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  • Nilas ice
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Re: Antarctic Ecosystems
« Reply #5 on: June 07, 2022, 01:55:55 AM »
 ‘Hidden world’ of marine life discovered in Antarctic ‘river’ under ice

New Zealand scientists ‘jumping up and down’ at find during investigation of climate-induced melt of ice shelf

 Beneath a vast Antarctic ice shelf, in a cathedral-like cavern hundreds of metres high, are swarms of little shrimp-like creatures in a newly discovered underwater ecosystem that, until recently, had remained an ice-locked secret.

A team of scientists from New Zealand discovered the ecosystem 500 metres below the ice in a suspected estuary, hundreds of kilometres from the edge of the Ross Ice Shelf.

Antarctica New Zealand supported researchers from universities in Wellington, Auckland and Otago, the National Institute of Water and Atmospherics (Niwa) and Geological and Nuclear Sciences to investigate what role the estuary could play in climate-induced ice-shelf melt.

But when they drilled down through the ice and into the river, their camera was swarmed by amphipods, little creatures from the same lineage as lobsters, crabs and mites.

“For a while, we thought something was wrong with the camera, but when the focus improved, we noticed a swarm of arthropods around 5mm in size,” said Niwa’s Craig Stevens.

The project’s lead, Huw Horgan from Te Herenga Waka Victoria University of Wellington, was the first to spot the estuary, after spying a groove in the ice while studying satellite imagery of the Ross Ice Shelf.

Researchers have been aware of a network of hidden freshwater lakes and rivers below the Antarctic ice sheets for some time but they have yet to be directly surveyed, Horgan said.

“Getting to observe and sample this river was like being the first to enter a hidden world.”

Instruments had been left in the river to observe its behaviour, he said, while lab researchers would investigate what makes the water unique.

The team’s findings extended further – it had just deployed its mooring a few days before the enormous eruption of Tongan volcano Hunga Tonga-Hunga Ha’apai. The team’s instruments detected a significant pressure change as the tsunami made its way through the cavity."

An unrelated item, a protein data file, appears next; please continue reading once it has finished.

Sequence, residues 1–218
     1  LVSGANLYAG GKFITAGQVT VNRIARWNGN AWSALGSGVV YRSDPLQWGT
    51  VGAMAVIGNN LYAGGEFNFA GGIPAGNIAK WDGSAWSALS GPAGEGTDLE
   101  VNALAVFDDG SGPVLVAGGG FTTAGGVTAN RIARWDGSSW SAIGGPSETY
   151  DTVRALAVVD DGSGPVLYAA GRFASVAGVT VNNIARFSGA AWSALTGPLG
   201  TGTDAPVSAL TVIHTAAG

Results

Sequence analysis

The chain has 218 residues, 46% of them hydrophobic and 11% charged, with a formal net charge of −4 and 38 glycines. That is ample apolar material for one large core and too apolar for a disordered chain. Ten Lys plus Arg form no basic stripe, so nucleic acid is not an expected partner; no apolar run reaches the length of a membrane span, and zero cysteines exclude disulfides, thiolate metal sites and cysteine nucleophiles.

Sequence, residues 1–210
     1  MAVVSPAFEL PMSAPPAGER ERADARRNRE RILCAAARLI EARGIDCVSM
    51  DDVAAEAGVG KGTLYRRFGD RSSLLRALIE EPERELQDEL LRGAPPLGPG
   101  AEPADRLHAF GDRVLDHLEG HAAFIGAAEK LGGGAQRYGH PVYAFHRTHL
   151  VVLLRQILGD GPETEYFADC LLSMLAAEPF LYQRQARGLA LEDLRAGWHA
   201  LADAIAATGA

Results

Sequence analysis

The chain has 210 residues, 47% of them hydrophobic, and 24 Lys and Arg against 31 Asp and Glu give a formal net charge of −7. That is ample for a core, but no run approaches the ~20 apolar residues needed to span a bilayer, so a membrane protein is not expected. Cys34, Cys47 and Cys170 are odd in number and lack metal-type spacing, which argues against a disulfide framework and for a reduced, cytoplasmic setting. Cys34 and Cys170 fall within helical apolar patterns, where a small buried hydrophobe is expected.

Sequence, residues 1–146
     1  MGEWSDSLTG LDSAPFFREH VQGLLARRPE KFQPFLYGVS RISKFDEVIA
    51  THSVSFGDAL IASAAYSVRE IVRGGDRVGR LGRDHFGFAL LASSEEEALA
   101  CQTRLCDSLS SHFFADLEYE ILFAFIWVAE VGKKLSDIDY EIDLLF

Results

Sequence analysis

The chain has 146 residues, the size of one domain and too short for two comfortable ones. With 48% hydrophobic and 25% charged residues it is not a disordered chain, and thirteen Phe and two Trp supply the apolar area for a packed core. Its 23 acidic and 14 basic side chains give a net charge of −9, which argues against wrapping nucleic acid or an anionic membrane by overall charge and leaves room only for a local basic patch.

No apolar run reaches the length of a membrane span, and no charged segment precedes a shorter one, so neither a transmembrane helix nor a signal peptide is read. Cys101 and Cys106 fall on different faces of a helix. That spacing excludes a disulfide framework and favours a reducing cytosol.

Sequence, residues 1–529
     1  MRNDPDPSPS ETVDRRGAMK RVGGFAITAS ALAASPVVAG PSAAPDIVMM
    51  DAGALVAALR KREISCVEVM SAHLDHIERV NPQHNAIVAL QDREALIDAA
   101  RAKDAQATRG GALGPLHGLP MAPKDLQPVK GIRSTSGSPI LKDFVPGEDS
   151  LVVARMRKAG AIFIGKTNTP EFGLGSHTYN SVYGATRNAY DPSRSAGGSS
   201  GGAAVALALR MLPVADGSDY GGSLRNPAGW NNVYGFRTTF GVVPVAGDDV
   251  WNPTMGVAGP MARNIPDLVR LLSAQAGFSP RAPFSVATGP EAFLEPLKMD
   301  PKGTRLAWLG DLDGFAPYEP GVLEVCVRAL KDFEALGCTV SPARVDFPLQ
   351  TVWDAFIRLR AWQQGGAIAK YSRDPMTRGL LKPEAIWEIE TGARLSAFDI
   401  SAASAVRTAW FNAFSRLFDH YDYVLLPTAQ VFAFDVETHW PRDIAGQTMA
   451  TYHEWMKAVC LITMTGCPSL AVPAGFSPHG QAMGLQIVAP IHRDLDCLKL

• Young ice
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Re: Antarctic Ecosystems
« Reply #6 on: June 30, 2024, 02:24:12 AM »
This video explains how rising sea temperatures may enable king crabs to invade Antarctica, threatening the local wildlife and disrupting the seabed.

  • Introduction to the topic
    • Discusses the controversial nature of animal population control
    • Introduces the issue of invasive blue crabs in Italy
    • Mentions the potential invasion of king crabs in Antarctica
  • Blue crab invasion in Italy
    • Describes the environmental and economic impact on mollusk farmers
    • Explains the rapid reproduction and lack of predators for blue crabs
    • Details the Italian government’s plan to combat the invasion
  • Global spread of crabs
    • Highlights the worldwide presence of crabs except in Antarctica
    • Discusses the unique conditions that have kept Antarctica crab-free
    • Explains the role of magnesium in seawater and its effect on crabs
  • Climate change and Antarctic invasion
    • Outlines the warming of Antarctic waters and its implications
    • Predicts the arrival of king crabs on the continental shelf by 2043
    • Describes the potential devastation to the Antarctic marine community
  • Impact of king crabs in Antarctica
    • Reports the invasion of massive crabs and their effect on local wildlife
    • Emphasizes the loss of biodiversity and disruption of seabed deposits
    • Warns of the consequences for unique ecosystems and medical research
  • Modernization of the Antarctic marine community
    • Discusses the ethical and aesthetic implications of biodiversity loss
    • Suggests the homogenization of marine communities due to invasive species
    • Raises awareness of the broader impact of global warming on marine life
When factual science is in conflict with our beliefs or traditions, we cuddle up in our own delusional fantasy where everything starts making sense again.